Ingmar Bergman’s first produced screenplay was for the great Swedish filmmaker Alf Sjöberg’s Torment, a dark coming-of-age drama about a boarding-school senior, Widgren, terrorized by his sadistic Latin teacher.
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I really enjoyed this film. And, especially enjoyed it's similarity (story-wise and thematically at least) its similarities to David Lynch's Blue Velvet... (it also has a piece of dialogue that has strong echoes of the later film: "when you lift up a large stone in the garden, don't be surprised when you find bugs" - or something like that).
In high we used to replace Latina with "latrina" (English has a related term). That plentifully reveals our feelings as knowing Latin is easier said than done. I had toe curls hearing "ablative" alone, but Latin phrases entirely retained the vintage, mothball flavoured paleo-chichi they have always boasted. Harry Potter launched an ill-fated pet owl fad, too bad it didn't relaunch Latin among naive wannabe Hermionas.
Swedish cinema was one the world's greatest: Sjostrom, Molander, Bergman, Stiller and now Sjoberg confirm this. Written by Bergman, "Torment" is full of his themes: repression and perversion, a love story that turns bad and a profound concern for the idealistic youth, death, grief and redemption. Almost a film noir in thematic obsessions, lightning dramaturgy, expressive approach to "off" and space-camera relations.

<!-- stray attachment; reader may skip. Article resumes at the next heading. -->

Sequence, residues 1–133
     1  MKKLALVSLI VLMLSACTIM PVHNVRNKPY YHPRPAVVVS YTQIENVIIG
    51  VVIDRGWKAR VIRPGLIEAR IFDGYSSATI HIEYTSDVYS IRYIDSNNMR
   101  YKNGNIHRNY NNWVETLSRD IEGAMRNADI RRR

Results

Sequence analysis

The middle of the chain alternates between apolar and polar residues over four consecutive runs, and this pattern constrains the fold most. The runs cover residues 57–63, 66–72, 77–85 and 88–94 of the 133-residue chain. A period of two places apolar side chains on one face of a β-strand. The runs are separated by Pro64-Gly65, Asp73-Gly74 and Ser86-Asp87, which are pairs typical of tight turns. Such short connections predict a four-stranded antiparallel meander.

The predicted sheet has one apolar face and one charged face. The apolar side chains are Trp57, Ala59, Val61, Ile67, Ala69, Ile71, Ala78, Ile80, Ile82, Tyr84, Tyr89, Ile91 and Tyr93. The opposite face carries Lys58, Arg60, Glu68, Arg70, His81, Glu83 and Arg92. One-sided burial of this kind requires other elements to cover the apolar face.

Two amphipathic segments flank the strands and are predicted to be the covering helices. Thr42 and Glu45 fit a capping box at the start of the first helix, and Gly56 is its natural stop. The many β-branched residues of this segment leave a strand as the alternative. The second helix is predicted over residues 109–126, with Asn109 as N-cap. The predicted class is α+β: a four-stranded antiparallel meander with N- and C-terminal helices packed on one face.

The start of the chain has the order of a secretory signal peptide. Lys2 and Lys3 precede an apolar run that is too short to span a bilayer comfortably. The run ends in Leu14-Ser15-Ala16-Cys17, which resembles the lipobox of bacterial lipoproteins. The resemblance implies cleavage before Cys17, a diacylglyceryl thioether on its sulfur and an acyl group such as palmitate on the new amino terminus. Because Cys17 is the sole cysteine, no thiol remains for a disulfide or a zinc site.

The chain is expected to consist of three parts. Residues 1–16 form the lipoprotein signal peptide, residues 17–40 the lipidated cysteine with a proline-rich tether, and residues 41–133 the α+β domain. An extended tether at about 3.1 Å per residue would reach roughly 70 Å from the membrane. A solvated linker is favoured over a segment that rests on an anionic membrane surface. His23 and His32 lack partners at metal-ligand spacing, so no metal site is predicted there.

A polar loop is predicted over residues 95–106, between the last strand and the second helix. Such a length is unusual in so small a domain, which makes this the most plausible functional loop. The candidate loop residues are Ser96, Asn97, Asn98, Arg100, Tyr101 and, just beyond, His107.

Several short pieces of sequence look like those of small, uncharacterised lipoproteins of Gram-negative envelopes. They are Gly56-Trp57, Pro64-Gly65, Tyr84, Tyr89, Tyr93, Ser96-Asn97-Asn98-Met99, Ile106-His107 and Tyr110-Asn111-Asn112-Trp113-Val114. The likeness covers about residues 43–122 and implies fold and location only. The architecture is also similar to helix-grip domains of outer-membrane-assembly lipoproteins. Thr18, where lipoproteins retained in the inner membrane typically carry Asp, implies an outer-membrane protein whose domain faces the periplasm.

Fascinating to hear Bergman's voice so identifiable in its early form; the script seems so quintessentially his. Really interesting expressionist camerawork, yet very different from the expressionist style Bergman himself would use in his first decade of directing.
Ingmar Bergman's first screenplay (and his first shot at directing by doing the end scene) throw in from the start a shitbag of an authority figure who terrorizes everyone and rape beautiful women. He tops it all off with young love and a scene where a man learns how to play around with the abused girl's pussy.
Victor Sjöström & Ingmar Bergman team for an attractive, affecting film with moments of genuine suspense. In one scene, thunder fights for the attention of a room full of young men, & I am reminded of Fellini & Capra.
The sadistic teacher story gets a little heavy handed, but it's forgivable. Alf Kjellin & Mai Zetterling make me believe Widgren & Bertha are in love. Bergman's writing is sensitive. And the kitten!!